Naeemah* was among more than 43,000 people who reported being raped or sexually assaulted in South Africa last year. She struggled to leave her house in Cape Town for two weeks. Both reporting the rape and receiving a forensic examination are experiences she describes as second, and then third traumas.
These kinds of experiences are why South African media outlet Health-e News has launched a texting tool that allows survivors of rape to share their stories, access counselling services and sign a petition calling for change.
Survivors can use the tool, known as Izwi Lami (My Voice), to receive a list of support services from the comfort of their own home, giving them the information they need to better assess their options going forward.
Health e-News worked with GroundSource in order to develop the texting platform, which is free and anonymous for users. Survivors across South Africa can text “endrape” to 38006 to engage in an automated but monitored conversations where they can leave words of encouragement for other survivors in South Africa. They will also receive a list of nearby trauma support services (known as Thuthuzela Care Centres).
“The truth is I would have loved a tool like this,” Naeemah said. She is among a group of rape survivors who worked with Health e-News to test the tool, in collaboration with a Cape Town organization, Rape Crisis, which supports victims of sexual trauma.
The tool was developed as a response to the high levels of rape reported in South Africa. Official statistics show tens of thousands of rapes are reported every year, and that’s only for cases that have been reported — the actual number is likely much higher.
As part of Izwi Lami, Health-e News has also partnered with different media organizations, conducted multiple radio interviews, addressed police commanders from across the country and distributed educational posters to clinics, police stations and schools. More in-depth stories on the sexual violence crisis in the country have been written, while directing survivors towards the texting service.
Those are a few reasons why the heart of this campaign is about service journalism. It is not just about the need to produce more and better coverage of rape survivors, it is about facilitating their ability to connect with one another. Survivors are able to leave words of encouragement for other survivors which are then shared via social media.
These testimonies help humanize the rape statistics that we read about so often, and will hopefully help other survivors realize that they are not alone in their journey towards healing.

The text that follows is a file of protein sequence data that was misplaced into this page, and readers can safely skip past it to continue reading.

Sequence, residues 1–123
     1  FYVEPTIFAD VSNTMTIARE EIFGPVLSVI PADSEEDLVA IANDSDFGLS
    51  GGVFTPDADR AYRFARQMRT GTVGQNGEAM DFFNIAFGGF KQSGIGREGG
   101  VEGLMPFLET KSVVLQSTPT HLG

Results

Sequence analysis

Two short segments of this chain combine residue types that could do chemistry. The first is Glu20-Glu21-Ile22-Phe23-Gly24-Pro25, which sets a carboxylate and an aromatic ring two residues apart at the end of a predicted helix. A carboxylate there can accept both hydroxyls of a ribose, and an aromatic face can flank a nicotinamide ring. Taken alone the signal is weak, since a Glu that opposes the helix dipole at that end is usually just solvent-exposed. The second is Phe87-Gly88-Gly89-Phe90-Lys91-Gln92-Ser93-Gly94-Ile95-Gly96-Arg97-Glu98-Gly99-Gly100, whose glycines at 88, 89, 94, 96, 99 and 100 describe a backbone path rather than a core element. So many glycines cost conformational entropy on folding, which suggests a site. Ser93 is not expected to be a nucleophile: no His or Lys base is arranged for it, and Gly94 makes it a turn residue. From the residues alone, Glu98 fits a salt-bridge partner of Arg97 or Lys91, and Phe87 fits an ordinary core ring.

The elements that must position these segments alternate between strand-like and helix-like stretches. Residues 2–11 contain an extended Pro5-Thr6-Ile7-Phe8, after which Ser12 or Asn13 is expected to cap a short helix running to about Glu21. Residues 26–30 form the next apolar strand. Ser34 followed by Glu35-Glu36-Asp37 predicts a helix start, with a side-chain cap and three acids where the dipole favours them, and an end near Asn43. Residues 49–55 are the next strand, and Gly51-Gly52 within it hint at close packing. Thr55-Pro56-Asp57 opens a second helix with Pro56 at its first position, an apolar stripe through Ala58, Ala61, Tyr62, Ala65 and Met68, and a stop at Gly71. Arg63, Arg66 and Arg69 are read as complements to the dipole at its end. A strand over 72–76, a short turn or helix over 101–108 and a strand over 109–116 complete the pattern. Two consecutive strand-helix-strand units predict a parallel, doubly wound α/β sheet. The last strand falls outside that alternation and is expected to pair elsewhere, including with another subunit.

Health e-News has also worked with survivors to pushing for policy change. The Izwi Lami tool is accompanied by an advocacy campaign — those who use the tool can sign a petition, calling for all 24-hour health care facilities to provide care packages to all survivors of sexual assault. This means that survivors in rural areas should not have to travel far distances to access the emergency services they need.
This care package would include counseling, antiretroviral drugs, tetanus and hepatitis vaccines, the morning-after pill and a full forensic examination. Health-e was inspired to start this advocacy campaign after reading a 2016 report by Doctors Without Borders. The report found that, of the estimated number of women who are raped every year in South Africa’s Rustenburg municipality, 95 percent do not seek help from a health professional. It is both access to, and knowledge of health services, that Health-e has tried to promote in their posters distributed around the country.
Health-e’s long-term aim is to potentially partner with a government agency or a non-governmental organization, in order to continue maintaining Izwi Lami as a resource for survivors. Research is currently underway to build a map for the website which will show where rape care centers are located, and will allow survivors to rate the services that they received there.
Ultimately, at the heart of the Izwi Lami campaign is the urgent need to invite survivors into a national conversation on gender violence, and to give them the tools they need to heal.
Naeemah’s words of encouragement for other survivors speaks to the core of the campaign: “You can be a tree, and they can cut you down, all your branches and your stump, but you will grow back again. Those roots are still there.”
*Last name withheld due to privacy concerns.
Kim Harrisberg is a multimedia journalist for Health-e News in South Africa. Her report onSouth African households headed by grandmothers for Al Jazeera received the “Best Audience Engagement” award in the 2017 impactAFRICA data journalism initiative.
Main image CC-licensed by Flickr via Michael Scheinost.